Surveying vastly dissimilar communities as those in the secular modern 'west' and relatively faith-based traditional 'east' may seem a cumbersome approach in pinpointing the social causes of Islamic extremism, but they help distil dynamics that might not, otherwise, have been spotted on the discussion radar. Such dynamics are: unassimilated Muslim migrants in western societies, the reform-radicalism schism sharpening in Muslim countries, growing alienation in educational institutions culminating in drop-outs seeking extremist salvation, the growth of a sticky anti-Muslim apprehension, and the zero-sum endpoint of the vigorously pursued individual-level identity-search in many societies.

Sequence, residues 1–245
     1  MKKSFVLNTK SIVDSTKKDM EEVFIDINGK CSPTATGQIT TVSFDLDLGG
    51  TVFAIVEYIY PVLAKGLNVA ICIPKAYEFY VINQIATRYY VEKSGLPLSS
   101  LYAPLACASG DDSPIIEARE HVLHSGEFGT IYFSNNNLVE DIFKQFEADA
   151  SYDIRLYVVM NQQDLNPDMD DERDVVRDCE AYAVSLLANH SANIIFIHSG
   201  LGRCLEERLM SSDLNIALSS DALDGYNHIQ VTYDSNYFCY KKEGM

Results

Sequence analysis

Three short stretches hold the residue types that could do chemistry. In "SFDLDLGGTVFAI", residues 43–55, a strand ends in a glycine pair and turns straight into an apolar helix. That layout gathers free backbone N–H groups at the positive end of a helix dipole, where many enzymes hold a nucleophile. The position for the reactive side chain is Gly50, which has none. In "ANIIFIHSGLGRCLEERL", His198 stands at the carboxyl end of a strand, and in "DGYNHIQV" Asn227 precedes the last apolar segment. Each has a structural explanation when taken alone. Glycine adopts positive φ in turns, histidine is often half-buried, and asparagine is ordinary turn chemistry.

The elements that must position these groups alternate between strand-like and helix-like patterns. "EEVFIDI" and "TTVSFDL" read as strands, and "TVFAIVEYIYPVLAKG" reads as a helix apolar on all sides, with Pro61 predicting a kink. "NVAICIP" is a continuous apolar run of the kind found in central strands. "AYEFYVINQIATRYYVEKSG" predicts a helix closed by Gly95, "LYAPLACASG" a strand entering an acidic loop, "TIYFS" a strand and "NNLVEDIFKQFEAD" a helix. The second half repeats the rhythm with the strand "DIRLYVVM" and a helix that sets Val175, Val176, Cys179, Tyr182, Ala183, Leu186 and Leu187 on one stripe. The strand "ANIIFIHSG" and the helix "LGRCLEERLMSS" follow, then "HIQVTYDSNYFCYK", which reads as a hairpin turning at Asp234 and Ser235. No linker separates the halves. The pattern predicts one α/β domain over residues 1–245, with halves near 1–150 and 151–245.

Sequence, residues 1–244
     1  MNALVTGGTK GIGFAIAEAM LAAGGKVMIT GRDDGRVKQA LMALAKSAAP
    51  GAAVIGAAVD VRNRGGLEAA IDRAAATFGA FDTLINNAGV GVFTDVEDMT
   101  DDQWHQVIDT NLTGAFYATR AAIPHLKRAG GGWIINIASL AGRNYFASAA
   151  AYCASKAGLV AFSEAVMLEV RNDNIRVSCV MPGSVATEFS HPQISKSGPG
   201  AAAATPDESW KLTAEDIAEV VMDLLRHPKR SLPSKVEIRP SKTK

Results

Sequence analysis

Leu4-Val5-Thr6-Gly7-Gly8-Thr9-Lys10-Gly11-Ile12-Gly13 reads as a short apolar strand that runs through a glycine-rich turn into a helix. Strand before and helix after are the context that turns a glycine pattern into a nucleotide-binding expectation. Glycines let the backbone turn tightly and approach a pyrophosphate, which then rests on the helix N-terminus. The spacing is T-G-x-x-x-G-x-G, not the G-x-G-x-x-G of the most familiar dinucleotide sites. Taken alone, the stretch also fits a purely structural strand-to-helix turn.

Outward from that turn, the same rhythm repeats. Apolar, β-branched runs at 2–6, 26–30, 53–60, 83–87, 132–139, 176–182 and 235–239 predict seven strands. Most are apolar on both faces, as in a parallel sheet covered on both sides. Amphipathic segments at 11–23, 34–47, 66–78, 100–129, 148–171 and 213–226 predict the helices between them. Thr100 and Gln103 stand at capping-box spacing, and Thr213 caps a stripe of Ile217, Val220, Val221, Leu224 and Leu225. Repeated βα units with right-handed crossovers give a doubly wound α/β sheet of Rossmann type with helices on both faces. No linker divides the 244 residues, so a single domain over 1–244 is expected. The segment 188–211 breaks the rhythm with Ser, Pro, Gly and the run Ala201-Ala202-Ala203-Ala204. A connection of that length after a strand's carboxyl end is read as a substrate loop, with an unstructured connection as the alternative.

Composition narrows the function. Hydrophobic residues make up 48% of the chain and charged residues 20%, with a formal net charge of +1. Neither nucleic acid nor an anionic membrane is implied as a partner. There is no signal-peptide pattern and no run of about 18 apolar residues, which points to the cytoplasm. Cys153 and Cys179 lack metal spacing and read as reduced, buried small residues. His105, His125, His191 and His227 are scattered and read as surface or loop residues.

Too many Muslim youths, even those born in western countries, feel alienated from mainstream society. One consequence of ventilating resentment against this has resulted in the expansion of recruitment in terror organisations, often seduced by lucrative incentives. Belgium, France, Germany, Great Britain, Italy, and Spain stand out, in alphabetical order, in the degrees of Muslims being unassimilated, living in alienation, a terror-recruitment prospect, and possessing terror-incident connections. Worsening matters, they have also witnessed far-right extremist expansion, partly in reaction, partly secularly, thus generating a tit-for-tat society, exposing it to new perils, inviting external playgrounds to release the built-up resentment. This predicament does not look like it will bent to remedial measures soon simply because of the mindset-change needed, not just individually, but collectively. It is clearly not the playground for bombing out the terrorists either, leaving intelligence and police officers to do the mop-up work. This mopping up is tilted to a violent ending rather than trial by consent since the terrorist may be wearing a suicide-vest or expecting nothing less than a shoot-out finale. Besides, any trial might draw unnecessary sympathy for terrorists.